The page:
All of these fights are indispensable to shifting our society off carbon and creating the renewable energy economy. But, with so much of our attention focused on fighting short-term battles, it can be hard to find the time to ask one very important question: is what we’re doing enough—is it enough to change the course of history and prevent the worst? And how can we know if it’s enough, unless we start from a shared vision of what’s necessary and work backwards from it?
Our opponents in the fossil fuel industry have a vision for the future they want to see: a future where oceans and emissions rise unchecked, where extreme energy practices encroach on our communities, and where the worst impacts of climate change are shouldered by those least able to bear them.
But what’s our vision? From our perspective, building a shared vision of what we want to achieve is a necessary and pivotal step toward making that vision a reality. That’s why we’re launching Change the Course: People-Powered Strategies for a Stable Climate. Change the Course is an invitation to dig deep and think hard about what it would actually take to stabilize the climate and create a just transition to a post-carbon future.
Together, we’ll crowd-source a detailed vision of what a sustainable and just future would look like — and brainstorm the strategies and tactics that will get us there.
So ask yourself: what would it actually take to stabilize the climate and create a more just future? What specific things are in your vision of a just and climate-stable future?
The fossil fuel industry and their political allies are pushing us towards climate catastrophe, but a mass social movement can still change the course and chart a new direction toward a just and stable future. The great social movements of history all dared to dream of a completely remade world, despite the prevailing wisdom that things would never change. Now it’s the climate movement’s turn.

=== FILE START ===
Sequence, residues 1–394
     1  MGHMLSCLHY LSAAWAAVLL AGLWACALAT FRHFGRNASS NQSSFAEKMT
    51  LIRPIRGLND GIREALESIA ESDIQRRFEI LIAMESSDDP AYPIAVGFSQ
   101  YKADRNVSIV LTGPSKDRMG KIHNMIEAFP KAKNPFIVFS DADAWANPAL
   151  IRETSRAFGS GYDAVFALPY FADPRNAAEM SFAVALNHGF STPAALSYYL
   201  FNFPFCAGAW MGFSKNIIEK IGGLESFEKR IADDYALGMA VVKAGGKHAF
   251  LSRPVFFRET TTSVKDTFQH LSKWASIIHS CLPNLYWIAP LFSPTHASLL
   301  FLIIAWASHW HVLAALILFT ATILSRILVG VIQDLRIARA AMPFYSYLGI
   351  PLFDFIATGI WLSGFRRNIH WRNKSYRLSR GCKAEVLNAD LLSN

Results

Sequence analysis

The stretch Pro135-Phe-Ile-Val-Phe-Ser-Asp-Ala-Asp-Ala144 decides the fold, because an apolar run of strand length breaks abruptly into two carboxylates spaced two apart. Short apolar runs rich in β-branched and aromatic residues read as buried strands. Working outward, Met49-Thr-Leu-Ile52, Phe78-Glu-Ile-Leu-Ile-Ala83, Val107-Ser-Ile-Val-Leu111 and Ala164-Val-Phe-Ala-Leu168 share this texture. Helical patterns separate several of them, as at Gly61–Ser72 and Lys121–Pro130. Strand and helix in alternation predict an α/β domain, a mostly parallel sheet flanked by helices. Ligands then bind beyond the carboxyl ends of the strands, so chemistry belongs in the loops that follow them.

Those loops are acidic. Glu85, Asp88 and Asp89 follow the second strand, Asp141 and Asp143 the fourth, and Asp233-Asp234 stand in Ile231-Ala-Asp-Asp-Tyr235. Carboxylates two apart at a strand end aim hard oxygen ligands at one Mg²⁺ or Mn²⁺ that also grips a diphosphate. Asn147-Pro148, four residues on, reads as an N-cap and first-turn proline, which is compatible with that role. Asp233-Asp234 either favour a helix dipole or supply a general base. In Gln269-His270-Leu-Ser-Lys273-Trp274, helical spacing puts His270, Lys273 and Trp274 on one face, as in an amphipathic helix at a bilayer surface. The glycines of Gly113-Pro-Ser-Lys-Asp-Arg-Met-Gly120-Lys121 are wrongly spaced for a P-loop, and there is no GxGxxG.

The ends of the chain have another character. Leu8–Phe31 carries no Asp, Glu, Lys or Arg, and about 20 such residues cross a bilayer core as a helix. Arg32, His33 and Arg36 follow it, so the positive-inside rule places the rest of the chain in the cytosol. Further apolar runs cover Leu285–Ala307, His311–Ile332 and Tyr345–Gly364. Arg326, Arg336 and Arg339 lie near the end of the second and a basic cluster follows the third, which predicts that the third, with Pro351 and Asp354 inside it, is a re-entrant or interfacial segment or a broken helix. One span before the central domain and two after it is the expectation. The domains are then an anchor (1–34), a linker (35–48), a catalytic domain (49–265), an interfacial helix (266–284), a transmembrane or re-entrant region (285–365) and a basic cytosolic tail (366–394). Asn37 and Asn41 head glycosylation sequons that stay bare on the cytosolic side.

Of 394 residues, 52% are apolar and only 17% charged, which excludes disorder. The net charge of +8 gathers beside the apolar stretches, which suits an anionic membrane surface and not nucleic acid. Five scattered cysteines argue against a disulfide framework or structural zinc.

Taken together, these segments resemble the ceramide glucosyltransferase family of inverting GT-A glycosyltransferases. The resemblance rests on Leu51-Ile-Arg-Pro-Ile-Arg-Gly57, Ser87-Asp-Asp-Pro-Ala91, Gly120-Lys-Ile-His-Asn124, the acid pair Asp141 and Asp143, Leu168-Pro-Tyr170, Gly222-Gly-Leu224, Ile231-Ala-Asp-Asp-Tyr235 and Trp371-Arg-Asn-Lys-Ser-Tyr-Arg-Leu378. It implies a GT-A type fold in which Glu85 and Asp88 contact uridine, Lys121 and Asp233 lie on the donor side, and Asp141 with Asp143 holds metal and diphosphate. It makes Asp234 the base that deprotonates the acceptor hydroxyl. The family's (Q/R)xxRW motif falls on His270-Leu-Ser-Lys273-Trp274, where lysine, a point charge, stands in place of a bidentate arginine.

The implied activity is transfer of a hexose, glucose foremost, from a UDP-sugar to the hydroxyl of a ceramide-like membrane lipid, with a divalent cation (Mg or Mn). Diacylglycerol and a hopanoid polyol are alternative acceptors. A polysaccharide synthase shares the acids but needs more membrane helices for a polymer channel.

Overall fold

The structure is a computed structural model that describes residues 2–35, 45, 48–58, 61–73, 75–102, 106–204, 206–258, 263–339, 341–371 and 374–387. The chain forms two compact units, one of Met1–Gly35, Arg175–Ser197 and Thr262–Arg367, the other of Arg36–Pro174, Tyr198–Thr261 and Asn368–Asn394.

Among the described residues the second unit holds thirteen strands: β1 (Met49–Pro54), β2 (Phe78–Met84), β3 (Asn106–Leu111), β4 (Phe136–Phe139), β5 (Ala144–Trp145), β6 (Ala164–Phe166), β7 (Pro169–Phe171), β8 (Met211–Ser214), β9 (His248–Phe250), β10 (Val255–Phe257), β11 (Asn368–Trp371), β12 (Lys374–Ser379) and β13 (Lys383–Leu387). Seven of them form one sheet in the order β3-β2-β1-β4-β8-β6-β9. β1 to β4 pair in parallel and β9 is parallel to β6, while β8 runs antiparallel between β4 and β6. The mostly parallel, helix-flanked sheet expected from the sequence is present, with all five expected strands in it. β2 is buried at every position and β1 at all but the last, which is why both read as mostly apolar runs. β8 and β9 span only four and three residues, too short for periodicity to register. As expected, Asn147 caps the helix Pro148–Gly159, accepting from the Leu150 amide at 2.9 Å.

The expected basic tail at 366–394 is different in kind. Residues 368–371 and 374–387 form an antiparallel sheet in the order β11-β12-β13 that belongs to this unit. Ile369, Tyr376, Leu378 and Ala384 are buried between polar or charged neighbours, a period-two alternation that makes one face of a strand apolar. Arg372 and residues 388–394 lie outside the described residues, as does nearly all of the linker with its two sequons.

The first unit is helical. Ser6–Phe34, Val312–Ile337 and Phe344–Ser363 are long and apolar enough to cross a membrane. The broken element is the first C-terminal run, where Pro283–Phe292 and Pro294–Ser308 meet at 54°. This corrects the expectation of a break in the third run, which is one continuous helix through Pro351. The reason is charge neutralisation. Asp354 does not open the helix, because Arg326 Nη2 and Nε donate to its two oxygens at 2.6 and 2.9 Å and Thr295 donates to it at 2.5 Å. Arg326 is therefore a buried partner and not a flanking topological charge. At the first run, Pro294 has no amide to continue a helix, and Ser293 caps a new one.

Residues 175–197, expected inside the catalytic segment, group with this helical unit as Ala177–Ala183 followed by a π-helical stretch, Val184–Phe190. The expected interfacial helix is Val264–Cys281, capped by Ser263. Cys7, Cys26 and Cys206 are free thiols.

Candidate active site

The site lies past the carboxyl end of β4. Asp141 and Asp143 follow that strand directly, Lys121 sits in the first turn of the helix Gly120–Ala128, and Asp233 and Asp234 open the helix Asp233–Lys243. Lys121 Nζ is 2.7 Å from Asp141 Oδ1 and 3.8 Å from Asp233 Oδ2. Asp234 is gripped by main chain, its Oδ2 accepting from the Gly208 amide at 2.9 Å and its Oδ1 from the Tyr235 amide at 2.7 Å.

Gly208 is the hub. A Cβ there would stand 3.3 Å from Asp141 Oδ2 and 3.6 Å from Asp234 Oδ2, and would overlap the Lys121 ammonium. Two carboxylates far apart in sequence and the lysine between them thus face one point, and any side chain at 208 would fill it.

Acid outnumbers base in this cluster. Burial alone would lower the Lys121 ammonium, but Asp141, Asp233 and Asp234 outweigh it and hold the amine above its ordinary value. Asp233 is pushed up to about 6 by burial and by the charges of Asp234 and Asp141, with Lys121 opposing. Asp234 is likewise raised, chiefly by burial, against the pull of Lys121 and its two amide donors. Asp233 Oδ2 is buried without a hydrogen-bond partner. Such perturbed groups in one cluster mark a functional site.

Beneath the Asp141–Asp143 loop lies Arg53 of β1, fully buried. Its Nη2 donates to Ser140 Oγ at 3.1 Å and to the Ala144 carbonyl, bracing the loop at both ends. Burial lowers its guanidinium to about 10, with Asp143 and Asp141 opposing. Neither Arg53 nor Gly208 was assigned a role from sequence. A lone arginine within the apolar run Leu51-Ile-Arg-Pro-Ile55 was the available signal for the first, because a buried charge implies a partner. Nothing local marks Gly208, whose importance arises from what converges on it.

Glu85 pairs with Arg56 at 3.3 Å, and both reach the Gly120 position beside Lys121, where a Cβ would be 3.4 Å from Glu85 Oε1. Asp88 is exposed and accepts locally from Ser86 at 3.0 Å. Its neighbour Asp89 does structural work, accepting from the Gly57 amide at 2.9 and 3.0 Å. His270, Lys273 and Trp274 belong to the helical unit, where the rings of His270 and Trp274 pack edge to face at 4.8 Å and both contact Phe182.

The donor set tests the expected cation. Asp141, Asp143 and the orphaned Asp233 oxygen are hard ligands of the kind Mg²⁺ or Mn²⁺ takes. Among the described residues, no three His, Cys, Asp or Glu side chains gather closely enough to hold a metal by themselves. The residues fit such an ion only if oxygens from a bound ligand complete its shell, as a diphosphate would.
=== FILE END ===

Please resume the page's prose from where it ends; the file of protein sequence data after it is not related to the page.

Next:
After years of pressure on Bank of America, they just announced a new coal mining policy: “Our new policy … reflects our decision to continue to reduce our credit exposure over time to the coal mining sector globally.”1
Translation: Bank of America is dumping coal mining!
This is a huge moment. Bank of America has gone from being the top bankroller of coal to having the strongest global coal mining policy of any major global bank. It’s the result of years of hard-hitting campaigning by RAN, our many front-line allies — and by you and all of RAN’s supporters in this fight. So, thank you for everything you’ve done.
Now, we have to hold Bank of America to its word by rigorously monitoring their implementation of this policy. And second, we have to push other banks to meet or exceed Bank of America’s coal mining policy. There are just a few short years left to meet the challenge of climate change. We need to build on this victory to stop the coal industry using big banks as ATMs.
I’m posting this from the Bank of America shareholder meeting in Charlotte, NC, where I came to hear today’s announcement in person. RAN has been at this meeting every year since 2011 to make the case that the bank should divest from coal mining. I'm thinking about the many allies whom we have stood here with throughout this campaign. Allies like Paul Corbit Brown, whose stunning photographs and eloquent advocacy have made it impossible for Bank of America to ignore the destruction that mountaintop removal coal mining has done to his home state of West Virginia. Allies like Pat Moore, who was so outraged by Bank of America funding the coal-fired power plants in her community, while her granddaughter suffered through asthma attacks, that she led a civil disobedience action here in Charlotte. I’m thrilled to share this moment with them.